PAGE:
It is now assumed that, in the wireless IP telephone system of FIG. 2, the user present in the subnet 11 a turns ON the power of the wireless IP telephone terminal 4 (451 in FIG. 10). Immediately after the turning ON, the wireless IP telephone terminal 4 establishes an association with the access point 5 a (452 in FIG. 10), and transmits a DHCP DISCOVER message to the DHCP server 2 a (453 in FIG. 10). The DHCP server 2 a, when receiving the message, sets an address ‘ip1’ to be leased, and transmits a lease period inquiry message to the controller 8 (in the step 312 of FIG. 6B) (454 in FIG. 10). A value ‘mac1’ is stored in the MAC address field 214 (FIG. 9B) of the packet, and a value ‘ip1’ is stored in the IP address field 215 (FIG. 9B). The controller 8, when receiving the lease period inquiry message, newly creates an entry for the wireless IP telephone terminal 4 in the terminal information table 60 (in the step 359 of FIG. 7). The controller further stores a value ‘mac1’ in the MAC address 61 (FIG. 4C) of the created entry, stores the value ‘ip1’ in the IP address 62 (FIG. 4C), and stores an address ‘dhcp1’ for the DHCP server 2 a in the new DHCP server field 65 (FIG. 4C) (in the step 360 of FIG. 7). And the controller selects the short lease period as its lease period (in the step 361 of FIG. 7). Thereafter, the controller transmits a lease period response message to the DHCP server 2 a (in the step 358 of FIG. 7) (455 in FIG. 10). In this case, the short lease period selected in the previous step is stored in the lease period field 226 (FIG. 9C) of the same message. At this time point, entries for the wireless IP telephone terminal 4 in the terminal information table 60 of the controller 8 are as shown by 611 in FIG. 11B.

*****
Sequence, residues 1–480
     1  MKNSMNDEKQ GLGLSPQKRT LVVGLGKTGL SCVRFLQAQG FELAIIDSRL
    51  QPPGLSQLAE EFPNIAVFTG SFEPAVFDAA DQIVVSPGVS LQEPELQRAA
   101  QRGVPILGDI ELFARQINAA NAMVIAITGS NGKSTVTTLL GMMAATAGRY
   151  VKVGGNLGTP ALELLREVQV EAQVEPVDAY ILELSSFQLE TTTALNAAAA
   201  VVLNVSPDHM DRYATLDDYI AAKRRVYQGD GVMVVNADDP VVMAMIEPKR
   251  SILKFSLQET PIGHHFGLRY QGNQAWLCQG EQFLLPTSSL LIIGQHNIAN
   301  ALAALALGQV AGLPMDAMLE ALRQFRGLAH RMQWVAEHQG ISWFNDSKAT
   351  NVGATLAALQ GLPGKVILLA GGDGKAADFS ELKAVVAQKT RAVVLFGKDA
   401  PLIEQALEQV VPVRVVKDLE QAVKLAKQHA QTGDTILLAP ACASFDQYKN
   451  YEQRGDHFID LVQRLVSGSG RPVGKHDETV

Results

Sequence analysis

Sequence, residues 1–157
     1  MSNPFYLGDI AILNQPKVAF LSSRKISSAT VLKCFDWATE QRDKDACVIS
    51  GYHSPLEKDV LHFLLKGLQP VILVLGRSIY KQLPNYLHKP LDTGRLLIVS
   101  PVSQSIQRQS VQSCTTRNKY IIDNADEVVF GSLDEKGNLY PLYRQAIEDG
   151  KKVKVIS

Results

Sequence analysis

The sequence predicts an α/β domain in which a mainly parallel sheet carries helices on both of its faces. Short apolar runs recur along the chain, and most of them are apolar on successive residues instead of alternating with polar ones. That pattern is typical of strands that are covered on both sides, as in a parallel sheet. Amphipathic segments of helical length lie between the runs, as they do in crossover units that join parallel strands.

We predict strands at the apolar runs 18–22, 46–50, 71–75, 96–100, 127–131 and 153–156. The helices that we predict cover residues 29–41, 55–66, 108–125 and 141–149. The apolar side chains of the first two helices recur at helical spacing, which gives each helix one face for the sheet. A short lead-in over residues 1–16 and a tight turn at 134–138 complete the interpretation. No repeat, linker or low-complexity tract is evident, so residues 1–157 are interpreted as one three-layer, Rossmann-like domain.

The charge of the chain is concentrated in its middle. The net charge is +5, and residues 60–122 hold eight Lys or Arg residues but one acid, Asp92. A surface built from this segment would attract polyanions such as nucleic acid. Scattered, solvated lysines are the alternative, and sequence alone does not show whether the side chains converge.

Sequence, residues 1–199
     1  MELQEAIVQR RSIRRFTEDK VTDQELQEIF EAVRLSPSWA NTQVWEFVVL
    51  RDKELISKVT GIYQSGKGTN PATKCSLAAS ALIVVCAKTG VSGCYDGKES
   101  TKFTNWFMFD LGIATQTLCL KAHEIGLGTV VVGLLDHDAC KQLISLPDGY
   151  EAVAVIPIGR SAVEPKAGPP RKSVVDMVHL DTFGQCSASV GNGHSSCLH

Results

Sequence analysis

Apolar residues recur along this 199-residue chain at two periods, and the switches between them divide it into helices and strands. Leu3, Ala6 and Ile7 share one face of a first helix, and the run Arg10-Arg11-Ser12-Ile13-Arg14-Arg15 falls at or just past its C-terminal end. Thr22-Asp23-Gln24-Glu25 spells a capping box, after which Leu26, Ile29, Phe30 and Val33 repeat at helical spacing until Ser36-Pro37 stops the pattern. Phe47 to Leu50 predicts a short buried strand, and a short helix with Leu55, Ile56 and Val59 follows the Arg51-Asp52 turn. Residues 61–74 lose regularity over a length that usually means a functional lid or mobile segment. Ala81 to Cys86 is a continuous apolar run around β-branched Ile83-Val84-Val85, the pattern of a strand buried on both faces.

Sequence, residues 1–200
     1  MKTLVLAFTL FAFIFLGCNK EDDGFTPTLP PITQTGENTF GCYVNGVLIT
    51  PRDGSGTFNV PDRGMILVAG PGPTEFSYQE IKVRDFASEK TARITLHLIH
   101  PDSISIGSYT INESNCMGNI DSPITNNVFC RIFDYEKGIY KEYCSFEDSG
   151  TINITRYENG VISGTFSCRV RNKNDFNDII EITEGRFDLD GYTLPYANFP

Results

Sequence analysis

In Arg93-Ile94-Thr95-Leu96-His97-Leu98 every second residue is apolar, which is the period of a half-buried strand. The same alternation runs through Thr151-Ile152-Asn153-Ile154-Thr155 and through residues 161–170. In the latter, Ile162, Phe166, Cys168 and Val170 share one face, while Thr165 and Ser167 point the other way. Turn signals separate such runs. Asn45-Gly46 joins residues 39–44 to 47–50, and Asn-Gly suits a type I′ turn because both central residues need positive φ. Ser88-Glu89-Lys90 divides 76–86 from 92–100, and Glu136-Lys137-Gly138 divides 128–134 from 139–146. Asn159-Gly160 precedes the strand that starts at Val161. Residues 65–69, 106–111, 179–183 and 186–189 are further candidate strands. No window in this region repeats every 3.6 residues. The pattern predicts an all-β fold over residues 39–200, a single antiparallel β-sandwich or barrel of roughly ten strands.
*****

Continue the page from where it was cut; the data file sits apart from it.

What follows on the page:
The DHCP server 2 a, when receiving the lease period response message, transmits a DHCP OFFER message to the wireless IP telephone terminal 4 (456 in FIG. 10), and informs the wireless IP telephone terminal of the IP address to be leased and its lease period. This lease period is the short lease period specified by the controller 8. The wireless IP telephone terminal 4, when receiving the message, transmits a DHCP REQUEST message to the DHCP server 2 a (457 in FIG. 10), and in response to it, the DHCP server 2 a transmits a DHCP ACK message to the terminal 4 (458 in FIG. 10). The wireless IP telephone terminal 4, when receiving the message, transmits a SIP REGISTER message to the SIP server 1 to record the current contact address in the SIP server (459 in FIG. 10). And the SIP server 1 in turn when receiving the message transmits a SIP 200 OK message to the wireless IP telephone terminal 4 (460 in FIG. 10). At this time, the SIP server 1 transmits a terminal information message to the controller 8 (in the step 302 of FIG. 6A) (461 in FIG. 10). A value ‘userA@abc.com’ is stored in the SIP URI field 203 (FIG. 9A) of the message, a value ‘ip1’ is stored in the contact IP address 204 (FIG. 9A), and a P flag is stored in the flag field 205 (FIG. 9A) respectively. With regard to the entry 611 (FIG. 11B) in the terminal information table 60, the controller 8, when receiving the message, stores the value ‘userA@abc.com’ in the SIP URI field 63 (FIG. 4C) (in the step 394 of FIG. 8), and stores the P flag in the flag field 66 (FIG. 4C) (in the step 395 of FIG. 8). Further, the controller stores a value ‘dhcp1’ in the DHCP server field 64 (FIG. 4C) (in the step 389 of FIG. 8), and clears the value of the new DHCP server field 65 (FIG. 4C) (in the step 390 of FIG. 8). At this time point, entries for the wireless IP telephone terminal 4 in the terminal information table 60 of the controller 8 are as shown by 612 in FIG. 11B.